David Klein: 34:38 And so, that's where Inspectorio comes in. And one of the most exciting things about working with Apple is that we could truly understand how Apple sees the future when it comes to carbon neutral production. They have a very ambitious goal of being carbon neutral by 2030. So, for us, it was a huge privilege to be able to understand firsthand, how is Apple viewing the problems? And how is Apple also viewing the way in which we could solve these problems? So from a product perspective, that is a goldmine in the sense of being able to talk to experts, understand the pains firsthand, and to be able to brainstorm together how we can resolve this at scale.
David Klein: 35:23 And so, we currently have our Inspectorio Rise product that does some parts of what I've just shared, but truly the vision is to continue to work on all of these fronts to be able to provide companies that means to be able to manage their environmental and even social goals moving forward. And similar to Apple, to be able to have a true carbon neutral production chain.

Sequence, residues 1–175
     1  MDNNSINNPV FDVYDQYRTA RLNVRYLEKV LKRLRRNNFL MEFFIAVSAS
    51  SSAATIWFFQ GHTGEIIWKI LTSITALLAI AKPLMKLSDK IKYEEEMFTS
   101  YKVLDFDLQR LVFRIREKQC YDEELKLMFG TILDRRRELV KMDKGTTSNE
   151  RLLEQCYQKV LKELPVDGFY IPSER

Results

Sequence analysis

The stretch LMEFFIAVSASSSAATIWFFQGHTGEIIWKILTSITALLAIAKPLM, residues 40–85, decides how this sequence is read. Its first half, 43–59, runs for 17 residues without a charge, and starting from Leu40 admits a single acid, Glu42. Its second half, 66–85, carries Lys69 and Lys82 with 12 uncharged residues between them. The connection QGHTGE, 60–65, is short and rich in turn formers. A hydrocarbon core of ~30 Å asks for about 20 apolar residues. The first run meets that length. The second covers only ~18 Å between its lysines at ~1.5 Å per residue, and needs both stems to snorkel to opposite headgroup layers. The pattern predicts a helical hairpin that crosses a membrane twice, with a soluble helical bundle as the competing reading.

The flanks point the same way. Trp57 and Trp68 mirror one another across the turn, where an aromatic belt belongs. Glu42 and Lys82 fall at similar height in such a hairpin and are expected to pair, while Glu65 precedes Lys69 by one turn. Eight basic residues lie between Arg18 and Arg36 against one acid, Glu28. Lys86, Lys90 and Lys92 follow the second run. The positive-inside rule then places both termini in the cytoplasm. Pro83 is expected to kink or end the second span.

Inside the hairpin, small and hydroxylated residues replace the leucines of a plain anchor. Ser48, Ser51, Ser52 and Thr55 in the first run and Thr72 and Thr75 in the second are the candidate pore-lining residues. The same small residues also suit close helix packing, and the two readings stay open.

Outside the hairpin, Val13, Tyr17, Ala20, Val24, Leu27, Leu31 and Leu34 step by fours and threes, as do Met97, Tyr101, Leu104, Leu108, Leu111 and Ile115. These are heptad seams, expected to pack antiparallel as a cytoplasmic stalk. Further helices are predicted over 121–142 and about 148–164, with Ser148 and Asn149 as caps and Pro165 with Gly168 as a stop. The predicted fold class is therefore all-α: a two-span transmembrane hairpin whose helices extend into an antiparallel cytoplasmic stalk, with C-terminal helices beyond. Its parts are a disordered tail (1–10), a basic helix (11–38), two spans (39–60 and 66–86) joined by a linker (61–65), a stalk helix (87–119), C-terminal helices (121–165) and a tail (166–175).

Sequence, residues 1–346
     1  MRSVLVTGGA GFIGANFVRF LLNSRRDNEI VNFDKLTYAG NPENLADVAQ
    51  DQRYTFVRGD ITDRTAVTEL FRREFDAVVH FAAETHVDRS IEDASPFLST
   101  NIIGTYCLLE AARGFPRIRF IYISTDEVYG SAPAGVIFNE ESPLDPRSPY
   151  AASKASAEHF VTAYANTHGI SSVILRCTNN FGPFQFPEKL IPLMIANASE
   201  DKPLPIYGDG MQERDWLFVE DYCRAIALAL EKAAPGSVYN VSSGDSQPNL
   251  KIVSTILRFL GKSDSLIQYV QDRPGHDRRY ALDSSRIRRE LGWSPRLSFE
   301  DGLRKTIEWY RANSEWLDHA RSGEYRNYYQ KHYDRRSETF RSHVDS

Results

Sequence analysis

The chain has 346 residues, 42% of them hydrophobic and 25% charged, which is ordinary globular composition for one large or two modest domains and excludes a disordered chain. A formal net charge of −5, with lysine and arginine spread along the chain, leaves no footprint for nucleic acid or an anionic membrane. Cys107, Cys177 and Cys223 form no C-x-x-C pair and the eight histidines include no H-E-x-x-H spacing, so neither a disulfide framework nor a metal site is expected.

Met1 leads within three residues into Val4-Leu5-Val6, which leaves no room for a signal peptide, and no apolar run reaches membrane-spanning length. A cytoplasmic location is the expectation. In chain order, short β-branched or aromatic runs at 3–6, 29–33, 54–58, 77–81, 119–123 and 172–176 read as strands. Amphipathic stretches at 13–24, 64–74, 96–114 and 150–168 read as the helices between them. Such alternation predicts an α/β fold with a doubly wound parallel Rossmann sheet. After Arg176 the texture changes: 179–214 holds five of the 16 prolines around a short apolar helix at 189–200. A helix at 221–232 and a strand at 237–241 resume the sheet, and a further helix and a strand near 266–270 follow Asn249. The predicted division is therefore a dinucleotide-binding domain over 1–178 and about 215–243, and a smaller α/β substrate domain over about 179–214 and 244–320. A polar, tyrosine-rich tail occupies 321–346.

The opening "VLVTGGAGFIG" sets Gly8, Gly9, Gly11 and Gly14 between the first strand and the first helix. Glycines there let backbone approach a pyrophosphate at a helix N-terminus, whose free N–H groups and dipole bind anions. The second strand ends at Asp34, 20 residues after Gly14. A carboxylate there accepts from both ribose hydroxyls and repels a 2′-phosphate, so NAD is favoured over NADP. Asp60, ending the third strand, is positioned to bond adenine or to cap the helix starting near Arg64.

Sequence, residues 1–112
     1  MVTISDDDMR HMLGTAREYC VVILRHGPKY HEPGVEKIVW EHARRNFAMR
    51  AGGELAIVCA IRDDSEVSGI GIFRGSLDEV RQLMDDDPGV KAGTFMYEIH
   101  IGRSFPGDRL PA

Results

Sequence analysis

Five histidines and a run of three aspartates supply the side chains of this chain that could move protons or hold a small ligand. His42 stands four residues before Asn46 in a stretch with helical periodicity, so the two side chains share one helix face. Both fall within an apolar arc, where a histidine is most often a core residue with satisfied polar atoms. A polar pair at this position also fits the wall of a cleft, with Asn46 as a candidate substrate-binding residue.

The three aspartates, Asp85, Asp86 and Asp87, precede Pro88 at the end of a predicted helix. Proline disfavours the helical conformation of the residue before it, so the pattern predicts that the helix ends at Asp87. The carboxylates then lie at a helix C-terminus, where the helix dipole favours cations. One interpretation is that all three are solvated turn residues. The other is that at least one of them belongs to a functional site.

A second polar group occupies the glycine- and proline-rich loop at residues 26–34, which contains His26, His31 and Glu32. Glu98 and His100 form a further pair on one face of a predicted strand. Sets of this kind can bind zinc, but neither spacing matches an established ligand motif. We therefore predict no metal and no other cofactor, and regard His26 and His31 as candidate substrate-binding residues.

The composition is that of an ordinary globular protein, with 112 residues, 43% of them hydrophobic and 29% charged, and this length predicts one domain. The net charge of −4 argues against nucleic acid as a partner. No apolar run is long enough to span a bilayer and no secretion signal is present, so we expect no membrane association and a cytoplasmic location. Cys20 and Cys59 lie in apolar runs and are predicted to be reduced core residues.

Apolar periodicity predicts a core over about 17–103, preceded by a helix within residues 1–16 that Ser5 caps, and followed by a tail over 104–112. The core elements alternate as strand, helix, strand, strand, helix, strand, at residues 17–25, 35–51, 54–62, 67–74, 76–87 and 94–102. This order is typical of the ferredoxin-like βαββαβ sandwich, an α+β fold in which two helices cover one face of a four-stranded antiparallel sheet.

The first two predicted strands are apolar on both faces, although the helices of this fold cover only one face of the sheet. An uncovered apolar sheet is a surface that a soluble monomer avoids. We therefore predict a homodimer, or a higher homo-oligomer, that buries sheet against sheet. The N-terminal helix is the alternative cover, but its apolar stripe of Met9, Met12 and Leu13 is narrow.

Alexander Skjong: 35:47 Now, does Inspectorio encourage clients to create those standards in their supply chain? If there aren't any right now, do you encourage the increase in an environmental responsibility or is it built into the system in something that they can do, but it's not like you don't push it? How does that work?
David Klein: 36:07 Yeah. I think every company has different levels of digitization and levels of just modernization. And what's great is if you look at our early adopters, they've truly been at the forefront of starting early in that digitization and modernization journey. And they're a lot more further into that realization of the vision, but we started with companies that were actually really early, right. And so, because we cover that span, we're able to help companies that are at the different stages of their modernization or digitization journey and our account management and customer success team, precisely the role is to be able to work very closely with other companies or clients, understand where they are, what their goals are, and how they could leverage our product to be able to be reaching those goals and to set milestones to eventually move to a direction that they want, and that truly the industry is going to.